Bill restricting drag performances clears Kentucky Senate committee

The bill was cut back from 13 pages to two.
Published: Mar. 2, 2023 at 5:31 PM EST
Email This Link
Share on Pinterest
Share on LinkedIn

LOUISVILLE, Ky. (WAVE) - A panel of lawmakers approved a pared down version of a bill limiting access to drag shows.

Lawmakers removed a thousand foot distance requirement from homes, schools, and parks.

Instead, they sought to ban drag performances from occurring on public property.

The Kentucky ACLU said this version of the bill was a big improvement over the previous version, although they still don’t support it.

The current bill would ban drag shows from occurring on public property or in places where a performance could be seen by children.

“Is this appropriate for a child to watch a man imitate anal sex with another man on stage, is that appropriate?” asked State Senator Lindsey Tichenor (R Smithfield) while holding up an image taken from a drag performance in Florida.

“Should you be the person that decides for me? That is the question,” responded State Senator Karen Berg. (D Louisville)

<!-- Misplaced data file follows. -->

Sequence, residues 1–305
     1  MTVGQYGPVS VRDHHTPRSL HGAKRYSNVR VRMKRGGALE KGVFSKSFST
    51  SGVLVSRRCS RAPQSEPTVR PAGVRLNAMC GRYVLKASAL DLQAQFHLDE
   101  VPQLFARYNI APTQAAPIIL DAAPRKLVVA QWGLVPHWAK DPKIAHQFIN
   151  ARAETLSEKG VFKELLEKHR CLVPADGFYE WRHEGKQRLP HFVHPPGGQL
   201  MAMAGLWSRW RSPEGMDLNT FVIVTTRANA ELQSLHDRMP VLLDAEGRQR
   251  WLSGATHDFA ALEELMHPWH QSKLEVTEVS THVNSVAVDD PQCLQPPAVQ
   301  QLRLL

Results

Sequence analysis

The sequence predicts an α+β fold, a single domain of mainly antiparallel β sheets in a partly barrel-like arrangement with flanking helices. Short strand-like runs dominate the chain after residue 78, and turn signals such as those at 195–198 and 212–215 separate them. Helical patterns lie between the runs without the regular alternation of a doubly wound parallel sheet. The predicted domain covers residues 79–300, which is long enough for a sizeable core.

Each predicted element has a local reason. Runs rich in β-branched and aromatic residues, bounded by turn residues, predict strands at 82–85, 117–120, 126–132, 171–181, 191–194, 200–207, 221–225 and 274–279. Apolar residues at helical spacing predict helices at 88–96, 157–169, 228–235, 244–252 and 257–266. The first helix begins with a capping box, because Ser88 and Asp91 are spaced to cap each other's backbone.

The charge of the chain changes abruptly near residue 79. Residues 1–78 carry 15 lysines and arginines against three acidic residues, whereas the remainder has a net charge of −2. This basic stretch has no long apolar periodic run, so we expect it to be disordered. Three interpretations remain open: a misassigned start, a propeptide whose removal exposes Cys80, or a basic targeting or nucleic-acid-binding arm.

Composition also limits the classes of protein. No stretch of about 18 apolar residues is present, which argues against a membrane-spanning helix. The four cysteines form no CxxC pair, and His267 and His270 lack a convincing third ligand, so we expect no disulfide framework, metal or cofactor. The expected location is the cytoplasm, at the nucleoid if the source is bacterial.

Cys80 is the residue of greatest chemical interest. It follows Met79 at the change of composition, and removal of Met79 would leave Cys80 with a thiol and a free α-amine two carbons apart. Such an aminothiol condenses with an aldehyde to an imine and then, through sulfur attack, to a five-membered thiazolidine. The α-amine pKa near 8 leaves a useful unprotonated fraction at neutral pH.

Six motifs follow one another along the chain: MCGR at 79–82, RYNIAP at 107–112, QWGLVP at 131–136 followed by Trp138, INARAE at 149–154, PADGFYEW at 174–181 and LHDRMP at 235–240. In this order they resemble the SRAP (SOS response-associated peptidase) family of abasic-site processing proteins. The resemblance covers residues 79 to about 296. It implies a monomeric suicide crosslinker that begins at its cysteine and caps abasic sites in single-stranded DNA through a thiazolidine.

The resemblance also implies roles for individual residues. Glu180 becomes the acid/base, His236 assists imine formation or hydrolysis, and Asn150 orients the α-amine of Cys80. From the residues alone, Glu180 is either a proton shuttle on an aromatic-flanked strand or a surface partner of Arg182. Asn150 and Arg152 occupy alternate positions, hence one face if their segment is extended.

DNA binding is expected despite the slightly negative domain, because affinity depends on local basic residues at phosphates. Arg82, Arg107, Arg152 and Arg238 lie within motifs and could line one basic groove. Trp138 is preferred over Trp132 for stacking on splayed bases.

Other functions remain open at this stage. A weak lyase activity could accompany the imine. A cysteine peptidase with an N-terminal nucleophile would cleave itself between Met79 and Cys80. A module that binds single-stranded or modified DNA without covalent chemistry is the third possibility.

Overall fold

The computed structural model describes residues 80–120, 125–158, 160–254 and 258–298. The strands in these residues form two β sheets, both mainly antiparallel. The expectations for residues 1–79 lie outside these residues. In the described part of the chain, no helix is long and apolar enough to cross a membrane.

Tichenor said Kentucky needs to keep children away from drag shows.

“The intent of Senate Bill 115 is to keep sexual performances away from children,” said Tichenor.

The bill was significantly cut down from a previous version, from 13 pages down to two. Drag shows would be allowed, but hidden from children. The law would allow liquor and building authorities to revoke the business licenses for any business hosting a drag show with children there and allow the performers to be charged with crimes. Opponents demanded lawmakers drop this ban.

“How I am going to have a pride on the old capitol lawn, which maybe is your purpose, and keep anybody under the age of 18 from seeing it is impossible,” Bruce Brook from Frankfort said.

“There are so many misperceptions about this bill from people who clearly have no idea about our community,” Bonnie Meyer said.

It easily passed out of committee and will need to be voted on in the full senate.

“This bill not only tells me that I’m not really a human worthy of rights, but I’m also not worthy to work,” Drag Queen Polly Ticks said.

“I’m going to continue to take a look at it and make sure what we do here is based on moving the argument forward and trying to be fair to anyone,” State Senator Brandon Smith (R Hazard) said.

The ACLU raised significant concerns with government authorities deciding when a performance crosses the line into being primarily about sexual matters.

The session ends at the end of this month.